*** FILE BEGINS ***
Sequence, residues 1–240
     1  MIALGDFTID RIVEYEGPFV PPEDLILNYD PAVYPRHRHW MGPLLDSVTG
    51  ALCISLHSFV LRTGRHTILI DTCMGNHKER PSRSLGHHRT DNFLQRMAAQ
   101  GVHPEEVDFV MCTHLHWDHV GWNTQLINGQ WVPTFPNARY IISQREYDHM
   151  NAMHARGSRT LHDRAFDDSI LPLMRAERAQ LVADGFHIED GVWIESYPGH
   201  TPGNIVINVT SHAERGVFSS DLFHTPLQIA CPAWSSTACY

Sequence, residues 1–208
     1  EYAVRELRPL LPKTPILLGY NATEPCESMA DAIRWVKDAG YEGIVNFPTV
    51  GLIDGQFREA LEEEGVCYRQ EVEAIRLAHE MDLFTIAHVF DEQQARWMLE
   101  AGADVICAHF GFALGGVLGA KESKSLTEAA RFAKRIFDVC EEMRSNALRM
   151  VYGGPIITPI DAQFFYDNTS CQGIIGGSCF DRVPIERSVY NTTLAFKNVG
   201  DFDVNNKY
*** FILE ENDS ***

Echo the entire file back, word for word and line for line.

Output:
Sequence, residues 1–240
     1  MIALGDFTID RIVEYEGPFV PPEDLILNYD PAVYPRHRHW MGPLLDSVTG
    51  ALCISLHSFV LRTGRHTILI DTCMGNHKER PSRSLGHHRT DNFLQRMAAQ
   101  GVHPEEVDFV MCTHLHWDHV GWNTQLINGQ WVPTFPNARY IISQREYDHM
   151  NAMHARGSRT LHDRAFDDSI LPLMRAERAQ LVADGFHIED GVWIESYPGH
   201  TPGNIVINVT SHAERGVFSS DLFHTPLQIA CPAWSSTACY

Sequence, residues 1–208
     1  EYAVRELRPL LPKTPILLGY NATEPCESMA DAIRWVKDAG YEGIVNFPTV
    51  GLIDGQFREA LEEEGVCYRQ EVEAIRLAHE MDLFTIAHVF DEQQARWMLE
   101  AGADVICAHF GFALGGVLGA KESKSLTEAA RFAKRIFDVC EEMRSNALRM
   151  VYGGPIITPI DAQFFYDNTS CQGIIGGSCF DRVPIERSVY NTTLAFKNVG
   201  DFDVNNKY